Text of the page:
Is the strategic financial planning process for your healthcare organization based in reality?
Do your plans support high quality clinical outcomes, positive patient satisfaction scores and financial growth?

To confidently answer yes to these questions, trending and seasonality-based budgeting must be a part of your healthcare organization’s strategic planning process.

What is Seasonality?

Seasonality is simply something that will repeat annually. It can be further defined as a characteristic of a time series where data shows regular and predictable changes that reoccur every calendar year. Well-designed strategic financial plans that include seasonal insights can be built based on historical data, current financial conditions, and adjustments for planned events. An example of seasonal events and cycles are winter weather conditions that can affect urgent care visits or admissions, and orthopedic procedures associated with broken bones and sprains that occur because of icy weather conditions.

For example, the CDC estimated that there were between 410,000 and 740,000 hospitalizations related to flu from October 1, 2019 to April 4, 2020. Another example is the summer season with high humidity that would have an effect on people with compromised respiratory systems. Including these insights will greatly improve the accuracy and effectiveness of a budget and set a more realistic expectation in your forecasts.

Key takeaways: Value provided by seasonality insights

  • Predictable changes that occur over a one-year period
  • Information that delivers insights to emerging clinical trends
  • Decision support data that provides guidance to supply inventories and workforce scheduling

What is Trending in Healthcare?

Trending in healthcare is an overall direction of activities that will span multiple seasons, often as the result of changes to the status quo. Over time these trends influence activity volumes and clinical practice patterns that will alter resource utilization metrics to the point where they are no longer relative to historical information. In these instances, variance reporting will require adjustments for the budget to remain useful for decision making purposes.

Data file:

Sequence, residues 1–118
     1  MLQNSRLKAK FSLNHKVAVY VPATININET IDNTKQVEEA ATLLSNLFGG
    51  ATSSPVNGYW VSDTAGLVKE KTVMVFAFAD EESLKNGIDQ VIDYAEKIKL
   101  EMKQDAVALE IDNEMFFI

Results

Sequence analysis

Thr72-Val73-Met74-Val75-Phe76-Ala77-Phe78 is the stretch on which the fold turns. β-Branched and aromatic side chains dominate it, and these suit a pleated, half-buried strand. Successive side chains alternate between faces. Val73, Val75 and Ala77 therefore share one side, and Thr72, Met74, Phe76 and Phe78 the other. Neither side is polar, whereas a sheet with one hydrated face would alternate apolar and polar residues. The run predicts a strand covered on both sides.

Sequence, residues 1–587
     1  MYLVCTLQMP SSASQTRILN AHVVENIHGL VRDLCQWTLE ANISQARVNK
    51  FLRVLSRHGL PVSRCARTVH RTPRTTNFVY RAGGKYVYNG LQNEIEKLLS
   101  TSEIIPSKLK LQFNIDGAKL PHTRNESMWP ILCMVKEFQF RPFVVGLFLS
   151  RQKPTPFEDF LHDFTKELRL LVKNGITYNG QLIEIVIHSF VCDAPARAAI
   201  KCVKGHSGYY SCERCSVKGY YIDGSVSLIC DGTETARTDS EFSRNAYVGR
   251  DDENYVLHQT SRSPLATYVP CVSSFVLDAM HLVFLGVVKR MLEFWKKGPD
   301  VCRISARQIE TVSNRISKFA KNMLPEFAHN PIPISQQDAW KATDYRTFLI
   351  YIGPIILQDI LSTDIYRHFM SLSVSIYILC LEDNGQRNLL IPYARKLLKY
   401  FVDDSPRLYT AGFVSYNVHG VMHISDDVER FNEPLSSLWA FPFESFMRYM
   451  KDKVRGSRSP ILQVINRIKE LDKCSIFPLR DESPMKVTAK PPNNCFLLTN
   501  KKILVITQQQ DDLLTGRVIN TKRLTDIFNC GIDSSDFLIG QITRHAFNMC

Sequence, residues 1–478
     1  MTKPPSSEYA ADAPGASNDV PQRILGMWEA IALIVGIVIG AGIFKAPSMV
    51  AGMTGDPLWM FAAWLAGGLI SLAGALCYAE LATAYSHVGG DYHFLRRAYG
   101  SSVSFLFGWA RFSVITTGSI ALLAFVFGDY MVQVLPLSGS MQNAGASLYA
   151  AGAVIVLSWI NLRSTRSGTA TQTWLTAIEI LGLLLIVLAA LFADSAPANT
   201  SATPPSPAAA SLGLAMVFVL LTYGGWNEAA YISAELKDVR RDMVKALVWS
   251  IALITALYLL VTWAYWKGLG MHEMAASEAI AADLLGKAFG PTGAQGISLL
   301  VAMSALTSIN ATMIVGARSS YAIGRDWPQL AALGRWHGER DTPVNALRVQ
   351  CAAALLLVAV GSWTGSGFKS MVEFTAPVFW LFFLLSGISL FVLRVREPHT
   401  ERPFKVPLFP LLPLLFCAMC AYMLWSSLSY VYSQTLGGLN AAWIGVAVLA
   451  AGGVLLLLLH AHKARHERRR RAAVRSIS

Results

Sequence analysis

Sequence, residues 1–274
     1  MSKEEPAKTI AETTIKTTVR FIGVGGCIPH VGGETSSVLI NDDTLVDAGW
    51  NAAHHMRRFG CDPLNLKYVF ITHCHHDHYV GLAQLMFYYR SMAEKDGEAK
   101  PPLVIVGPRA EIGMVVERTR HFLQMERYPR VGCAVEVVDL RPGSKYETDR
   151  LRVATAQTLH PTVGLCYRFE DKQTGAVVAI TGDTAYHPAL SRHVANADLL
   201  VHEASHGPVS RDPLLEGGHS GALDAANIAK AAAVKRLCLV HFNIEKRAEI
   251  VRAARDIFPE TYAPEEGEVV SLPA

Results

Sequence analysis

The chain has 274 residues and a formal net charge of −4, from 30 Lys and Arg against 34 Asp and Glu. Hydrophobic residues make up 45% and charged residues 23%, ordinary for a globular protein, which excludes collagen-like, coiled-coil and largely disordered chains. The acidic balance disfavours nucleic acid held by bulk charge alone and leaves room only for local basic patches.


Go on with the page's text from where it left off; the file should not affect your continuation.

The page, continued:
An example of this, which was accelerated by the COVID-19 pandemic, is telehealth and telemedicine-based services. The trend began several years ago with a slow growth rate, as there were several obstacles responsible for the slow adoption. However, the curve of the trend spiked up in a matter of months and will have a lasting impact on future clinical practices. To put this in perspective, McKinsey & Company found that telehealth utilization has risen to 38 times the level of pre-pandemic telehealth utilization.

Other trends can be seen based on the development of new drug therapies, updates in drug cost, and changes to clinical outcomes that can reduce the demand for multiple clinical visits. Trends in healthcare like these have a major impact on long range strategic planning.

Let’s take non-COVID related hospital admissions since the beginning of the pandemic as an example. According to KFF, hospital admissions dropped to 69.2% of forecasted volumes in April 2020, but then rose to 94.2% by December 2020. The non-COVID admissions were approximately 76% of predicted volumes as of November 2020. It is imperative to understand how these trends will affect your forecast – are they temporary or do expected admissions need to be reduced in hopefully soon-to-be post-pandemic world?

Key takeaways: Value provided by trending insights

  • Shifts in costs for specific service lines can be associated with changes in practice patterns and treatments
  • Trends in healthcare can occur and progress at different rates based on specific events
  • Adjustments are necessary to keep variance reporting and analysis between years relevant

So, what do you do with this information?

One simple and valuable example; apply these concepts to your healthcare organization’s strategic planning and budgeting processes in order to reduce the risk of overspending, especially in the area of upfront costs and long-term investments. Including trending and seasonality information in your approach to strategic planning will increase the probability of success in the form of healthy margins so that you can continue to provide quality care to the communities you serve.

Our closing perspective on strategic planning in healthcare:

If I knew yesterday, what was going to happen tomorrow, I would have planned to address it today.

Join us for our upcoming presentation where our expert team will share valuable examples through practical application of these concepts that you will be able to incorporate with your budgeting processes and strategic planning initiatives. Please feel free to contact us with any questions on how Harris Affinity can improve your healthcare organization’s strategic planning processes.